Ukrainian ambassador to Ireland, Larysa Gerasko, slammed certain claims made at the meeting. Pic: Twitter.
The Ukrainian ambassador to Ireland has criticised a number of allegations that were made at a recent meeting about proposed modular homes for displaced Ukrainians in Newbridge.
Allegations made by individual attendees at the meeting, which took place at Lakeside Park on Thursday last, included child trafficking being the top crime in Ukraine, and that crime has increased at areas where Ukrainian refugees have been placed in Ireland.
Some attendees also expressed confusion over why Ukrainians are coming over to Ireland, given the large size of Ukraine.
Residents of Lakeside Park, Highfield and Dara Park have also recently announced that they will be holding a protest to highlight their grievances this Saturday.
When asked about these allegations, ambassador Larysa Gerasko prefaced her statement by expressing her gratitude to the people of Ireland for 'the unprecedented help they provide to the Ukrainian nationals who were forced to leave Ukraine due to the Russian aggression.'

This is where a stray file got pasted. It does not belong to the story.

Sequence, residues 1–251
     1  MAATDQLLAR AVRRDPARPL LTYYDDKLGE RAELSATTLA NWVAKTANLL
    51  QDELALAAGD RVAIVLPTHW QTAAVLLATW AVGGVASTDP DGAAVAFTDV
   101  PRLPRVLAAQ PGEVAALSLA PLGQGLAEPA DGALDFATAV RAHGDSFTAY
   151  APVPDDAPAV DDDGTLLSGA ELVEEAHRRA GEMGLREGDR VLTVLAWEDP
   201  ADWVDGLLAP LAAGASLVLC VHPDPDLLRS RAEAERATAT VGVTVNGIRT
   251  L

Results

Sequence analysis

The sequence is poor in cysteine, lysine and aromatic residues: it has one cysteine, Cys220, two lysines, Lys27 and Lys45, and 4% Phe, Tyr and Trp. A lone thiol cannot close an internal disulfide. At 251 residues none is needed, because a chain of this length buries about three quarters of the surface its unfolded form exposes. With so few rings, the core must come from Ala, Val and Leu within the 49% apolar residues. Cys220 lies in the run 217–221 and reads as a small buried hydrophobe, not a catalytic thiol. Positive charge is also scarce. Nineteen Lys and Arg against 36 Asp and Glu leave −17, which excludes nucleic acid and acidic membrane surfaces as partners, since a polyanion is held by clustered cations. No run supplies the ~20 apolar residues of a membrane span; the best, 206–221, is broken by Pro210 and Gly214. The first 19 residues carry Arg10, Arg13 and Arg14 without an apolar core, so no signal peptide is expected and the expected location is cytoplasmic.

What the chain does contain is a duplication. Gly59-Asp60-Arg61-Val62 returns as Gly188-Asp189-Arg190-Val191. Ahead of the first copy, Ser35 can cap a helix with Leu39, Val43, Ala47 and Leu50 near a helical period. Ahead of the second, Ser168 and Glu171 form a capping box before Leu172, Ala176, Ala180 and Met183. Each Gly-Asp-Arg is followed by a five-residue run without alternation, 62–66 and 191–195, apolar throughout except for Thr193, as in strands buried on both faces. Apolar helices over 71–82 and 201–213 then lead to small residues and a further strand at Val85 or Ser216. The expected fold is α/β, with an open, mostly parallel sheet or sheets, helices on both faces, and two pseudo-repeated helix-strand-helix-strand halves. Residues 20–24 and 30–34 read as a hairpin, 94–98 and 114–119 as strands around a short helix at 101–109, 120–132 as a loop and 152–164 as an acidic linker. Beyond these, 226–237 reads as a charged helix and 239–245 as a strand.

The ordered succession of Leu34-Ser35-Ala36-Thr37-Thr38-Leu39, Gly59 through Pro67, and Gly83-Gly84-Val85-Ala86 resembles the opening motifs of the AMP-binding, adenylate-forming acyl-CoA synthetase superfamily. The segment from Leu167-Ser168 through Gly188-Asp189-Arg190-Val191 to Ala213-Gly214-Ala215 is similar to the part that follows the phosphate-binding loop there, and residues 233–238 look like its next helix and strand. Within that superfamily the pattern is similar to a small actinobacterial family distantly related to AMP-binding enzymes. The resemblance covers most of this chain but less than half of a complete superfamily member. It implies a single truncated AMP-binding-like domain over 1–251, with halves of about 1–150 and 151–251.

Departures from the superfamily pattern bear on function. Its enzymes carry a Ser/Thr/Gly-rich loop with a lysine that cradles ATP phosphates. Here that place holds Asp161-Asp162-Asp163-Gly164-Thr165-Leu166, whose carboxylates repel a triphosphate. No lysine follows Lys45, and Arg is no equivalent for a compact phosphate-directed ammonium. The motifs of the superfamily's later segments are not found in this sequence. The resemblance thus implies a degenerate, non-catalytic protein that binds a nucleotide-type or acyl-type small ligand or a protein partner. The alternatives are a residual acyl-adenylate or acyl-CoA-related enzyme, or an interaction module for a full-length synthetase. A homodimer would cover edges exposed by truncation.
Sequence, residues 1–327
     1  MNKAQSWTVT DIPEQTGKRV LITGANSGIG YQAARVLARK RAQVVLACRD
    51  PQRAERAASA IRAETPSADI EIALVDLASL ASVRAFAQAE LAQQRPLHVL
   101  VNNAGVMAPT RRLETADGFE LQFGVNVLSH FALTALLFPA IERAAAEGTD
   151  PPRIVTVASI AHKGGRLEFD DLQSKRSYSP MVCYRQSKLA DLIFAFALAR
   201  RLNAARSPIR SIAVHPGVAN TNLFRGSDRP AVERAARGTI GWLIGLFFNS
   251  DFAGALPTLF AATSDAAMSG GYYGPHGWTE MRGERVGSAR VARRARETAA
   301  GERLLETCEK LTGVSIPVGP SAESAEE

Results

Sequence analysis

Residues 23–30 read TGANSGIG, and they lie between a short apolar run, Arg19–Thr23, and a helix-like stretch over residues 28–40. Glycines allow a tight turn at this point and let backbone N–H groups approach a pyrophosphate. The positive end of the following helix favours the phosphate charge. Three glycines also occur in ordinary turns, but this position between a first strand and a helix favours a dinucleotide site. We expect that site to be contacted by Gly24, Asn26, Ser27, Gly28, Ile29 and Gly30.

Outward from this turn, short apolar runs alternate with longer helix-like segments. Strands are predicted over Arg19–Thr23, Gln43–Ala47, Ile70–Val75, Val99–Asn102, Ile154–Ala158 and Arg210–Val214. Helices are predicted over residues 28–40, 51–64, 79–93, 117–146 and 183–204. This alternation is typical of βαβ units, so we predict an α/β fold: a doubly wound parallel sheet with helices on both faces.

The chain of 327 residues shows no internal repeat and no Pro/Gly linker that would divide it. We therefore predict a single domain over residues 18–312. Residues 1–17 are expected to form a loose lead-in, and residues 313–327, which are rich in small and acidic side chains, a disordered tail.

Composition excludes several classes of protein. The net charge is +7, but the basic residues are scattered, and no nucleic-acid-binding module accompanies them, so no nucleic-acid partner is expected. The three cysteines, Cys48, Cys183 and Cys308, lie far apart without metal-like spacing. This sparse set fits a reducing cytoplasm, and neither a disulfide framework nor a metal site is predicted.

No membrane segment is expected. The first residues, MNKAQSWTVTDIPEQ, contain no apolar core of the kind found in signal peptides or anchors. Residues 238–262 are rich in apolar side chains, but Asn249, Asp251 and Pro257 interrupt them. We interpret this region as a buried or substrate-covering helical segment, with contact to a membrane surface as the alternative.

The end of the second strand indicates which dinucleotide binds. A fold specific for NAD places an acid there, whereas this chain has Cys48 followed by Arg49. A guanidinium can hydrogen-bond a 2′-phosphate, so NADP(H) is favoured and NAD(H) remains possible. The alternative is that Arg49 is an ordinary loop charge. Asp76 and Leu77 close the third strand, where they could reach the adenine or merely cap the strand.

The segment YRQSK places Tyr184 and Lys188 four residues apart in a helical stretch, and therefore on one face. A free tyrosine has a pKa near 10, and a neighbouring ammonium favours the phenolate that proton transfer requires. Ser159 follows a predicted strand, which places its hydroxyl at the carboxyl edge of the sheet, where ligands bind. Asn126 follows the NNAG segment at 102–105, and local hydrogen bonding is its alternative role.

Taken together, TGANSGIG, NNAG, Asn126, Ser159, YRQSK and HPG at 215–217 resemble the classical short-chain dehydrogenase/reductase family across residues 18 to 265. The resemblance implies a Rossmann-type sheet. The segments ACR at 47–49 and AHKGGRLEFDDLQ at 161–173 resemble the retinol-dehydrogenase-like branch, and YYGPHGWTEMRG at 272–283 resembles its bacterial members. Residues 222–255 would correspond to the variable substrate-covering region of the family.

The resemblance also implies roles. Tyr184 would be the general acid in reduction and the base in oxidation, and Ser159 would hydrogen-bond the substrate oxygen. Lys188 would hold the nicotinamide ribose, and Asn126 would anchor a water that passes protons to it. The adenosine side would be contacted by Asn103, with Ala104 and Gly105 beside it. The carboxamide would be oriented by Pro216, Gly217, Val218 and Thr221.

She also insisted that those who have fled the conflict are not refugees, as they are not applying for refugee status in Ireland — 'Instead, they are temporarily displaced persons who will return to Ukraine as soon as the security situation allows', she explained.
Regarding the first allegation, Ms Gerasko said: "The claim that child trafficking is the number one crime in Ukraine is groundless.
"According to official statistics, petty crime is the major crime in Ukraine, with about 138,000 cases last year. Human trafficking accounted for 206 cases last year and was less than 320 cases in the previous year."
Commenting on the second allegation, Ms Gerasko said: "The Embassy has direct contact with the Garda since the beginning of the influx of Ukrainian nationals to Ireland.
"We haven’t received a single report of a crime committed by a Ukrainian citizen on Irish soil."
Giving context for why Ukrainian nationals fleeing the conflict are coming to Ireland, she said: "Every day Russians shell Ukrainian cities, towns and villages. Their rockets and missiles can reach any place in Ukraine.
"Ukrainians didn’t choose to leave their homes and come to Ireland. Many of them lost their homes and their loved ones.
"Still, they dream about the day when the war is over, and they can return to Ukraine," she concluded.
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